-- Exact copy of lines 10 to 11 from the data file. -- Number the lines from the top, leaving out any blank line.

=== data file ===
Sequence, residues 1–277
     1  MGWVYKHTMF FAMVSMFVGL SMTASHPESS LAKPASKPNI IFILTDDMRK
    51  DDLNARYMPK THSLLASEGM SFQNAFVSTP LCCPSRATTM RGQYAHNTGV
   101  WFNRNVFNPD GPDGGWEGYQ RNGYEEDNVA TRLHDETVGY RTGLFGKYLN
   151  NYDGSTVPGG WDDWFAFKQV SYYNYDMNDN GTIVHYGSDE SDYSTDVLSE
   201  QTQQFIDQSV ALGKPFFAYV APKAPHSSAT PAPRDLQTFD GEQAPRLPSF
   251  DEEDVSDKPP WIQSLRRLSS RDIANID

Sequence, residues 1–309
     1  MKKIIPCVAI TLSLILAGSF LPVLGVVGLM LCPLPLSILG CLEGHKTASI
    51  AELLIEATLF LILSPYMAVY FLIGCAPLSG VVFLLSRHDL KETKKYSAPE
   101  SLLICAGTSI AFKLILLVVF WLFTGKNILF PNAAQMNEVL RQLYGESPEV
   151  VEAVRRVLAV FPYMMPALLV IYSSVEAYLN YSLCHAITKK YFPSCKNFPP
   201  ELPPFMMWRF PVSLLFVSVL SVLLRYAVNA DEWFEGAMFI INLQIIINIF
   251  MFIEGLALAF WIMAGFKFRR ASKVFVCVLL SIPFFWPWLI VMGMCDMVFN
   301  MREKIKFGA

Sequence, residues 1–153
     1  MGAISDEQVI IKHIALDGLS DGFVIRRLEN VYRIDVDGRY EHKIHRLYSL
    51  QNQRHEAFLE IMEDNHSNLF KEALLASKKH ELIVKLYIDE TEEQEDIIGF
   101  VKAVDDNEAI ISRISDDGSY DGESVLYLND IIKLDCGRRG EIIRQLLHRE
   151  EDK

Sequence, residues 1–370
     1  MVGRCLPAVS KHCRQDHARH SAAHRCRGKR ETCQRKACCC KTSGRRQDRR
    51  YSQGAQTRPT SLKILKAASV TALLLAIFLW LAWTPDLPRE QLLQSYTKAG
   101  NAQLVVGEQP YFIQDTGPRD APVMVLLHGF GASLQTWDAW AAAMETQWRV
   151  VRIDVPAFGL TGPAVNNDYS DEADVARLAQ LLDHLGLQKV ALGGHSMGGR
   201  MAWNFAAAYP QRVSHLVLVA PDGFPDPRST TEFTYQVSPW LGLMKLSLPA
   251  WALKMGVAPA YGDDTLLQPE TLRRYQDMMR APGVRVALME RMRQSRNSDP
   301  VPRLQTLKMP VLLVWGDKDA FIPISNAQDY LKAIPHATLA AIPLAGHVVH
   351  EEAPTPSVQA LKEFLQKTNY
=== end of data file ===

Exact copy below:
    51  AELLIEATLF LILSPYMAVY FLIGCAPLSG VVFLLSRHDL KETKKYSAPE
   101  SLLICAGTSI AFKLILLVVF WLFTGKNILF PNAAQMNEVL RQLYGESPEV